After the assassination some 500 Muslim scholars issued a statement warning clerics not to participate in the slain governor’s funeral in Lahore, Punjab’s capital, or even to voice sympathy about his death.
The scholars also saluted Qadri, giving the assassin the honorary title “Lover of the Prophet, Commander of the Jihad Fighters.”
Lahore-based clergymen declined to take part in memorial services, and police said afterwards that three clerics from elsewhere who did so had received death threats. One went into hiding while the other two were provided with police security.
In the prevailing climate of fear, lawmakers in the federal parliament decided not to offer prayers for Taseer, foregoing a practice customary in Pakistan after a politician dies.
Meanwhile the feting of Qadri continued, his picture featuring prominently at demonstrations in favor of retaining the controversial laws. Hundreds of lawyers offered free representation to the confessed killer, who is in custody awaiting trail.
While the threats of radicals to kill those accused of insulting their religion and prophet came as little surprise in Pakistan, the U.S.-backed government’s capitulation was especially troubling for minority Christians and other critics.
How about US continued support for said capitulating government? That's especially troubling, too.
Gilani’s Jan. 18 assurance to Muslim leaders that the government would not amend the blasphemy laws came shortly after a Christian woman and her daughter were attacked by a mob in Lahore who accused them of blasphemy. ...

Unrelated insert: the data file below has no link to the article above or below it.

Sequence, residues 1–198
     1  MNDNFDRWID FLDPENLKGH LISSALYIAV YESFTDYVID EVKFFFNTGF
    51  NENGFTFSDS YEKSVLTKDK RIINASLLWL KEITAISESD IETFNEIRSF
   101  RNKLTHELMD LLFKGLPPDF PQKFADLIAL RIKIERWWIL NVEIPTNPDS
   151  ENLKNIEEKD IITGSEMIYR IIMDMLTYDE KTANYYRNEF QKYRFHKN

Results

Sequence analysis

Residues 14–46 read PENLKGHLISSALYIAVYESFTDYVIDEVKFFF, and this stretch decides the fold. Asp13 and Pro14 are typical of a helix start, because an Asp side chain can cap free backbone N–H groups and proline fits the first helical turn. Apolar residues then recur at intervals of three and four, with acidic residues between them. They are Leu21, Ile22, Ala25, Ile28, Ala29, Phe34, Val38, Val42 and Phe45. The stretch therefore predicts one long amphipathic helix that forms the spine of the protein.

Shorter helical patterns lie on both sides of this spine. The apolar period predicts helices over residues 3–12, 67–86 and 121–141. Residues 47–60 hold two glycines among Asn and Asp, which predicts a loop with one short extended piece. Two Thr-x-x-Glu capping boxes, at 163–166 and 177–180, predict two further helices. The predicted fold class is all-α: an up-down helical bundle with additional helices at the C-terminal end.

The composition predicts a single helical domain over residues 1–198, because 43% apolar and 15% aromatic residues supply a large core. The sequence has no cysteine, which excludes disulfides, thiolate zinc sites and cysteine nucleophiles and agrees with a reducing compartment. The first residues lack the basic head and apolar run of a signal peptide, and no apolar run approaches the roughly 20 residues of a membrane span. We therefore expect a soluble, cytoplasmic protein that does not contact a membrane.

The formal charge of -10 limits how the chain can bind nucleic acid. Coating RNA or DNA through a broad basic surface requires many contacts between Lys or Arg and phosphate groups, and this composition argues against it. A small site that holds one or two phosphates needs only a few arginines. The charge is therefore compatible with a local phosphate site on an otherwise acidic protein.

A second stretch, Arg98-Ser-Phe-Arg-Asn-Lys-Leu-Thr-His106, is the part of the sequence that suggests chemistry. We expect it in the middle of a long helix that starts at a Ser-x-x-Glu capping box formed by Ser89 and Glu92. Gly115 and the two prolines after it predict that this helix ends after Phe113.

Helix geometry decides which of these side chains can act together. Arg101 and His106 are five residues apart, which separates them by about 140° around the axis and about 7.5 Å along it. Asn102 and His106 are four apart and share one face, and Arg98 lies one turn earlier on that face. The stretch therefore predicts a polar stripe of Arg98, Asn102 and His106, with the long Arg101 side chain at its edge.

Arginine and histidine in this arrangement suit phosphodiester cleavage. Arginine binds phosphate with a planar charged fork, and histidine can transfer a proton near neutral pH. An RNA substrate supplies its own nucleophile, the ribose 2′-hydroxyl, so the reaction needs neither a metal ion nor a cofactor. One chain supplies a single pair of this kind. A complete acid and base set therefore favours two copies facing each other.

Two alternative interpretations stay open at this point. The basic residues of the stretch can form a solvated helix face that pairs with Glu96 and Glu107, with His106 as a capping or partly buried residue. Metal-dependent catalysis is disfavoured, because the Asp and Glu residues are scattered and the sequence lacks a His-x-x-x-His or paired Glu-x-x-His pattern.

Nice cause-and-effect situation.
Barnabas Fund, a charity working with Christians in Islamic countries, noted that the 500-plus clerics who issued the intimidatory warning after Taseer’s assassination represented the “supposedly moderate” Sunni Barelvi movement, Pakistan’s largest Muslim faction.
“While Barelvis are seen as moderates in the West because of their opposition to al-Qaeda and the Taliban, they are fanatical in their adherence to shari’a and in their defense of the honor of Muhammad,” said the charity’s international director, Patrick Sookhdeo. ...
Key point. Opposition to one faction of jihad or another has nothing to do with opposition to sharia -- which poses the existential, long-term threat. It appears to reflect more regional or even personal loyalties, much as a mafiosi prefers one mob to another.